Eleven hours later and still grappling with the terrorist attack, many traveled to the secular Lawn vigil after attending the one at St. Thomas Aquinas.

“I’m still in a state of shock,” said first-year College student Shannon Jeffries.

“Numb,” agreed first-year College student Leslie Channel.

And some students simply still were hung up on the surreal aspect of the two disasters.

“It absolutely just looks like a movie,” fourth-year College student Katie Stana added. “It’s finally starting to feel more real.”

By 8 p.m. hundreds of solemn students had filled the Lawn beneath the star-filled night sky. Although everywhere you looked yesterday people seemed huddles over cell phones trying to get in touch with loved ones near the Pentagon or in the New York area, not a single ring was heard at last night’s vigil on the Lawn.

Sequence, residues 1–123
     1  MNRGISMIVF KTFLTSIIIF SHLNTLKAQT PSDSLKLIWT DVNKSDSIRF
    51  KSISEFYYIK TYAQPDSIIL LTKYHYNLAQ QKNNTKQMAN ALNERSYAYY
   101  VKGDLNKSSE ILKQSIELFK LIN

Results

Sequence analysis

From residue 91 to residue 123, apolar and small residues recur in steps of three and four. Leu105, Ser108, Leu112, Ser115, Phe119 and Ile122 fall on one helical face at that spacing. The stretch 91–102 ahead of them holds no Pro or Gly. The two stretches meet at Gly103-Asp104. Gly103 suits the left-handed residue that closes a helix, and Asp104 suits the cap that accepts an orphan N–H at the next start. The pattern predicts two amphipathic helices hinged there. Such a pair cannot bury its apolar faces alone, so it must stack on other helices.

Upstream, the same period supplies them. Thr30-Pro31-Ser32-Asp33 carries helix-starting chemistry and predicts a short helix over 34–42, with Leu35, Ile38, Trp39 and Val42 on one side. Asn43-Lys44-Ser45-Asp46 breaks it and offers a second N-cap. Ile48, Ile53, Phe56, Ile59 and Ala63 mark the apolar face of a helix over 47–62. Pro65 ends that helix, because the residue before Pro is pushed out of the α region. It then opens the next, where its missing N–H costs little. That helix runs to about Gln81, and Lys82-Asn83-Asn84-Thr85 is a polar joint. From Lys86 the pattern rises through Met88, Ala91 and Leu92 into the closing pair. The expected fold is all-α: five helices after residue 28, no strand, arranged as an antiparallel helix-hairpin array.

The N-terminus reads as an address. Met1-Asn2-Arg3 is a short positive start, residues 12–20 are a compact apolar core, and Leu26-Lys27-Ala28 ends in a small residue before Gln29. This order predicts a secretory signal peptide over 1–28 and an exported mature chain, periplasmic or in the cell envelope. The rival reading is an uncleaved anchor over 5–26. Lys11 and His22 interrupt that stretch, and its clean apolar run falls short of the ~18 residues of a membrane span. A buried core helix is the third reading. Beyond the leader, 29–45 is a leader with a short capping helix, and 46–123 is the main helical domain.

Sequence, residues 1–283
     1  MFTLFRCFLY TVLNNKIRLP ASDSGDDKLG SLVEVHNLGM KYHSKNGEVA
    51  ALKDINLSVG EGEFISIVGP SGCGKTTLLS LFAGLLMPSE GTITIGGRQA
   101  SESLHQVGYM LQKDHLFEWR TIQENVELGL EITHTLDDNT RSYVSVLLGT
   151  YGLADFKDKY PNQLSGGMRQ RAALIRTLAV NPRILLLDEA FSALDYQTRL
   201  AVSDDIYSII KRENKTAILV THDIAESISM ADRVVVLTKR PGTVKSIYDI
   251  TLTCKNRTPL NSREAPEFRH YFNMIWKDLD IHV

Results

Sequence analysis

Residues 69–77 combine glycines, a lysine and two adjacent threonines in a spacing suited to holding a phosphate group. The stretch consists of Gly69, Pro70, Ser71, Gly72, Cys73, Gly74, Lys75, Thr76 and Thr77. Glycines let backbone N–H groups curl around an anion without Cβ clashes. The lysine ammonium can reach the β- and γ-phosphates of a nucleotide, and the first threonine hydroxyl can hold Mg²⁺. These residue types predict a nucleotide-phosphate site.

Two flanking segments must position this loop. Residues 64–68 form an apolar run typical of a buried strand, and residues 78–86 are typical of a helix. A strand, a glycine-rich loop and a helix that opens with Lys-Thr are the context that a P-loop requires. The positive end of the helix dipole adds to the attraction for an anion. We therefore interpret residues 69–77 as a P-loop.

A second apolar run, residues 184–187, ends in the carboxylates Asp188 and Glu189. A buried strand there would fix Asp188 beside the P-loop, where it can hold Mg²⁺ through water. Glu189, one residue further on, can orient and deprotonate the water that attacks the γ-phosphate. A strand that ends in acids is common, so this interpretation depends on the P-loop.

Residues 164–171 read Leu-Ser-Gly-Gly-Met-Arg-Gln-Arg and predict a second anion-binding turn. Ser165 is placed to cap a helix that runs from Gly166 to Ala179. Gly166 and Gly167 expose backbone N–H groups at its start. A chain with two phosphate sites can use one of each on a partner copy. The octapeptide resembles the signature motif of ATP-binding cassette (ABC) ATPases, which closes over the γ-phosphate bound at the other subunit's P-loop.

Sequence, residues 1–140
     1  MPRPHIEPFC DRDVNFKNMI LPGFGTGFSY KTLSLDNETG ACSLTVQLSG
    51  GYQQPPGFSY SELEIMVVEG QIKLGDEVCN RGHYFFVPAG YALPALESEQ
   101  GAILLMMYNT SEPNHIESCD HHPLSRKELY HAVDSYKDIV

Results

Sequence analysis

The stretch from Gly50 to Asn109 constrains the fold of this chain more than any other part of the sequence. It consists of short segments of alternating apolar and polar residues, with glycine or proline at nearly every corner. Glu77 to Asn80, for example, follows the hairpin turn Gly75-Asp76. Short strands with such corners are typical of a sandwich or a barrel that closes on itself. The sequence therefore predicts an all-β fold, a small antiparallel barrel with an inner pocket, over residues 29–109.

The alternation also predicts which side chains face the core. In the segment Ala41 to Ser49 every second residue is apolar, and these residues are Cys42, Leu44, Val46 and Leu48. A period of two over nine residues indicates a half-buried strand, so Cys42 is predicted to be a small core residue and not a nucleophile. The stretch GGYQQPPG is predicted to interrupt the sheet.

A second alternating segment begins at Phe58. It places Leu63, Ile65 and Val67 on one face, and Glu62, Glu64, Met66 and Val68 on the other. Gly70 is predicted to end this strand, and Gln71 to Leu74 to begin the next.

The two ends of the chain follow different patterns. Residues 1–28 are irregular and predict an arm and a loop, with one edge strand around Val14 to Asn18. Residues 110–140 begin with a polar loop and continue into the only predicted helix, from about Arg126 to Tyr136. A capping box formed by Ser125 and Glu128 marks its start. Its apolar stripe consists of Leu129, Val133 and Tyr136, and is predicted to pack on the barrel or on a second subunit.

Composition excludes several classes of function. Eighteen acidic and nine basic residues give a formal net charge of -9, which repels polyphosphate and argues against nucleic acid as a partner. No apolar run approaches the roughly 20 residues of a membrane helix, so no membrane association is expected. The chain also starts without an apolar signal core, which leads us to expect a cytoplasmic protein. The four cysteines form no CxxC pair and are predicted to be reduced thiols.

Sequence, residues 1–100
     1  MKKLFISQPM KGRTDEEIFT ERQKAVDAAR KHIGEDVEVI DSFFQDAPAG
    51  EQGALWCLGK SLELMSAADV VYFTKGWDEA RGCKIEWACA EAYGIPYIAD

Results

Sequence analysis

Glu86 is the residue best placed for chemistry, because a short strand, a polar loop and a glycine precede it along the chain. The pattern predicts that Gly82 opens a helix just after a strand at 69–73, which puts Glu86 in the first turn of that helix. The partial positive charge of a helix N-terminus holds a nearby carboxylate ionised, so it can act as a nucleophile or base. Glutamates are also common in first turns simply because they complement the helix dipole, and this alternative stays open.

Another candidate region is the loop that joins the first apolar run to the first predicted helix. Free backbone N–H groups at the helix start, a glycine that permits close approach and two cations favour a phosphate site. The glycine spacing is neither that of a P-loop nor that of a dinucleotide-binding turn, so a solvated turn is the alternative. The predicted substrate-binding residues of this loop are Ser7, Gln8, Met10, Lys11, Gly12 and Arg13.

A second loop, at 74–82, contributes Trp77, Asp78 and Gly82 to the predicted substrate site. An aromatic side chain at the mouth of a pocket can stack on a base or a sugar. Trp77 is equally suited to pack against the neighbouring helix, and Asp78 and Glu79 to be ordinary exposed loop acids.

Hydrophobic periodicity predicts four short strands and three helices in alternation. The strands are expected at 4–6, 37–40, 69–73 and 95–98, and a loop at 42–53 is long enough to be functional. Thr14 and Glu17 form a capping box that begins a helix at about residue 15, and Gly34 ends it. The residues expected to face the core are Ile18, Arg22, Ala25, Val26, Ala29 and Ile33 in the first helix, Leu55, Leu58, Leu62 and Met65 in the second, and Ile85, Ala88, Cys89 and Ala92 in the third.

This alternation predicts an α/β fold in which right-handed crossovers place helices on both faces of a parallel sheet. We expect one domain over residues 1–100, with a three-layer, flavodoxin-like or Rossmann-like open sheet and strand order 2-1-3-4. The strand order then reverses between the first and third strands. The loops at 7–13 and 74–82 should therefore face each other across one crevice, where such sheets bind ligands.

Members of different University religious organizations and religious leaders in the community lead several prayers and hymns. With heads bowed low, students took a moment of silence for the thousands of lives lost and affected by the tragedy. The Lawn was silent with only the sound of the crickets as candles were lit and flashlights switched on, creating a glow in the middle of darkness.

Students then joined together for a round of “Amazing Grace” before slowly and silently parting ways.

Some students headed for Newcomb Hall where support and counseling services were available around the clock. Still others headed home to join friends and contact family members.

Others simply took refuge in the strength and symbolism of their country’s colors. Padding along a grassy avenue of the Lawn, two male students strolled close together, silent, an American flag draped about their shoulders.

Cavalier Daily Life Editor Josie Roberts and Senior Writer Katie Sullivan contributed to this original report.

Transcribed by Aisha Singh